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- - rotting leaves. should i leave them or pull them out and why? (http://www.tropicalfishkeeping.com/beginner-planted-aquarium/rotting-leaves-should-i-leave-them-43735/)
rotting leaves. should i leave them or pull them out and why?
Hi. I put a bunch o java fern in my tank, and some of the leaves are rotting away. I know I'm not supposed to plant them in the gravel but I did any ways to see what would happen. Everything seems to be fine right now, with me just letting them rot away creating a layer of siltiness that my cories seem to love. Does anyone have any input it experience in this matter?
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If you pulled the fern out it might come back, they're very durable plants imo.
The cories probably love it, but I would argue that there's no way to monitor it- It might produce more 'silt' than the cories will eat, and then rot, creating a jump in ammonia...
That's theoretically right? Wouldn't it be a good source of natural fertilizer, or am I way off?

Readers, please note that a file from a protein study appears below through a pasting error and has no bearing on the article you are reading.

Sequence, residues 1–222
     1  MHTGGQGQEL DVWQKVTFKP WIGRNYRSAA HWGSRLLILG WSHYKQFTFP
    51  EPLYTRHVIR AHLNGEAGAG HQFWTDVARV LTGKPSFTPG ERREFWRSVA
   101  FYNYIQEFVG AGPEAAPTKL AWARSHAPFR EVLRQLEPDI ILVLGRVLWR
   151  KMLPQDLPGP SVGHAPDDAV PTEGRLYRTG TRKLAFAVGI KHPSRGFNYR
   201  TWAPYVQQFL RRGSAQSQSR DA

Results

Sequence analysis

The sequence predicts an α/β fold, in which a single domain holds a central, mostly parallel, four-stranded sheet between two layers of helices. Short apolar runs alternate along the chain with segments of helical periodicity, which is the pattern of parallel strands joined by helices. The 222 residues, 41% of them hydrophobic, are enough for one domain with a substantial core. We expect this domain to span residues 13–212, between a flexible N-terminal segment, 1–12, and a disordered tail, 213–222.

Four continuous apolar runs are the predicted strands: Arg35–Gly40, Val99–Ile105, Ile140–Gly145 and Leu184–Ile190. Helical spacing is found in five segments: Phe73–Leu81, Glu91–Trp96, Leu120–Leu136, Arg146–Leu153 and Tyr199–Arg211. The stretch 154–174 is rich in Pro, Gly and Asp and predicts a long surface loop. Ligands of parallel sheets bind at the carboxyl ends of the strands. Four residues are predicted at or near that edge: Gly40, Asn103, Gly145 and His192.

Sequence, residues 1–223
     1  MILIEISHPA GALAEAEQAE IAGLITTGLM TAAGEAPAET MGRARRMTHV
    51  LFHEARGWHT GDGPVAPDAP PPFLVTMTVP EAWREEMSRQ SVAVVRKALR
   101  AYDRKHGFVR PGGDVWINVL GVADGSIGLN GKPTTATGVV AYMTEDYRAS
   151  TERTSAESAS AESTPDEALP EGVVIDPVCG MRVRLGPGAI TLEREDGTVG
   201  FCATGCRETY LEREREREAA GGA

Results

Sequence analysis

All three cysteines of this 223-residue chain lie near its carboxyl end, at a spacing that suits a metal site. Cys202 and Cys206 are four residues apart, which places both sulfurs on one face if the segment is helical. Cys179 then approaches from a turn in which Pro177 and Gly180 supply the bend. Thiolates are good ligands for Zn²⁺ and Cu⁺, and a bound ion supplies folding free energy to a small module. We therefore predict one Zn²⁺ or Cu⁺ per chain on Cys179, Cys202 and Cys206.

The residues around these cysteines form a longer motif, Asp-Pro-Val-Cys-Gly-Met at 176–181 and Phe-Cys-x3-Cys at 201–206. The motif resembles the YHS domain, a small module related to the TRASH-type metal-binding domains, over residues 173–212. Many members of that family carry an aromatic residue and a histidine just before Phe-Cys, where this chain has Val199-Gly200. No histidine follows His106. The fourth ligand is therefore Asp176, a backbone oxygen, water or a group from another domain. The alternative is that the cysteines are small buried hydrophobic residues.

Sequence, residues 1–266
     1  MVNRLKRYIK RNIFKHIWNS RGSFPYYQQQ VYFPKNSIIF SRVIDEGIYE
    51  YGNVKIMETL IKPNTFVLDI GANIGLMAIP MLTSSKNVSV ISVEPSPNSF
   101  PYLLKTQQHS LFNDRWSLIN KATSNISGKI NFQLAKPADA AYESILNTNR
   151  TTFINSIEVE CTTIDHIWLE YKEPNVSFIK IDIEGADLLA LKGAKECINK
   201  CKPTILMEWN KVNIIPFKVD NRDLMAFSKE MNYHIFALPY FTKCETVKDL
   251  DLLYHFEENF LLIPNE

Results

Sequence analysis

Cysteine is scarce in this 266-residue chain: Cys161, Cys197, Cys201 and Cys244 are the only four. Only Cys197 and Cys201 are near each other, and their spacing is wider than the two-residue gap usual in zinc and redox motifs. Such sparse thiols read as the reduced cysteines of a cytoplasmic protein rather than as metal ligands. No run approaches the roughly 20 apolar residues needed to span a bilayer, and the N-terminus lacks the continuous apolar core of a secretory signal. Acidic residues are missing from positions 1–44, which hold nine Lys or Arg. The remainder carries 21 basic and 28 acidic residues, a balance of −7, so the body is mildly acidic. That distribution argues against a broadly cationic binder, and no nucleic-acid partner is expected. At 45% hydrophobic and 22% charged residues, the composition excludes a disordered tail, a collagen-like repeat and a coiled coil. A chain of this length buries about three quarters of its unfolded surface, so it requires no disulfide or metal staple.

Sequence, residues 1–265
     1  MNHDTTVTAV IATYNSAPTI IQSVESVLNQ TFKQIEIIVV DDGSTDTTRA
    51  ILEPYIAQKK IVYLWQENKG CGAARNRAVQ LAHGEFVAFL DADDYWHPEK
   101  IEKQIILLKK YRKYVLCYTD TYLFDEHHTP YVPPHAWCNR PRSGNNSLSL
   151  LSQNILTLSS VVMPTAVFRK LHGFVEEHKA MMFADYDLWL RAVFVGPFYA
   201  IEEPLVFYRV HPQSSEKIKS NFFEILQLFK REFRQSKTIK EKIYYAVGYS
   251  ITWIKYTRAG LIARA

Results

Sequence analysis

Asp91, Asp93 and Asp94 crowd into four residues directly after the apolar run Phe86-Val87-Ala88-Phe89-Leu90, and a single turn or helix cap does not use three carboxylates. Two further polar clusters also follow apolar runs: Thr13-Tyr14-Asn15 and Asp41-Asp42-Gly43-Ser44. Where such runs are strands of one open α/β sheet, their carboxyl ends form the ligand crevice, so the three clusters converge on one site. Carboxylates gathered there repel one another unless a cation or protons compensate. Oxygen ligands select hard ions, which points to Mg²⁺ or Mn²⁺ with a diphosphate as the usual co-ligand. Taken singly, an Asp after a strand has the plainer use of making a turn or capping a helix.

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My recommendation would be to not deliberately create a situation where this or any plant is demising (dying). While a decaying leaf will be broken down by bacteria and provide nutrients, it is not advisable on a larger scale. Other substances may be released, and the biiological balance in the aquarium may be disturbed, just as when a fish dies. The extent of the effects of these issues depends upon the biological state of the system. When I see a yellowing leaf or a dead fish, I remove it if I can.
That's kind of what I was trying to say :/
Java Fern Propagating/ Plantlets
I would take any dead leaves off the plant. The plant grows by dividing rhizomes and rootstocks. The tips of old leaves will produce little plantlets that are new plants forming. These grow and float off of the mother plant. I pick these off and attach them to rocks or driftwood and add Java moss to hold them on and tie them with clear fishing line. They grow really well like this better then in the gravel or sand. You can get several plants from 1 Java Fern just by dividing up the rhizomes and rootstock. I posted pictures below:
Eileen, could you please share the title of that book? It looks like a comprehensive and simple reference - something I've been looking for.
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